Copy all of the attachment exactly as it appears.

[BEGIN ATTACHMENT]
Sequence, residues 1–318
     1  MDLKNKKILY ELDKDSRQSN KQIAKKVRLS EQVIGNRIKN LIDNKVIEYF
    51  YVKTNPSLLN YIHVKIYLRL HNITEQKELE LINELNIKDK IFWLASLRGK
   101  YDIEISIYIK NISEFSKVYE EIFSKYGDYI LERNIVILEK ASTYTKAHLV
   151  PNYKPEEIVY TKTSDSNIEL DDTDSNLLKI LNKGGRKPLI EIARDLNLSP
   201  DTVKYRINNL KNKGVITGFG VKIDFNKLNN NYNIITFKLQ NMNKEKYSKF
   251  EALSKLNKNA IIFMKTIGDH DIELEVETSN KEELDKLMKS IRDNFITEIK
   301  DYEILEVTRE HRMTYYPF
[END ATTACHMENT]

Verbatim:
Sequence, residues 1–318
     1  MDLKNKKILY ELDKDSRQSN KQIAKKVRLS EQVIGNRIKN LIDNKVIEYF
    51  YVKTNPSLLN YIHVKIYLRL HNITEQKELE LINELNIKDK IFWLASLRGK
   101  YDIEISIYIK NISEFSKVYE EIFSKYGDYI LERNIVILEK ASTYTKAHLV
   151  PNYKPEEIVY TKTSDSNIEL DDTDSNLLKI LNKGGRKPLI EIARDLNLSP
   201  DTVKYRINNL KNKGVITGFG VKIDFNKLNN NYNIITFKLQ NMNKEKYSKF
   251  EALSKLNKNA IIFMKTIGDH DIELEVETSN KEELDKLMKS IRDNFITEIK
   301  DYEILEVTRE HRMTYYPF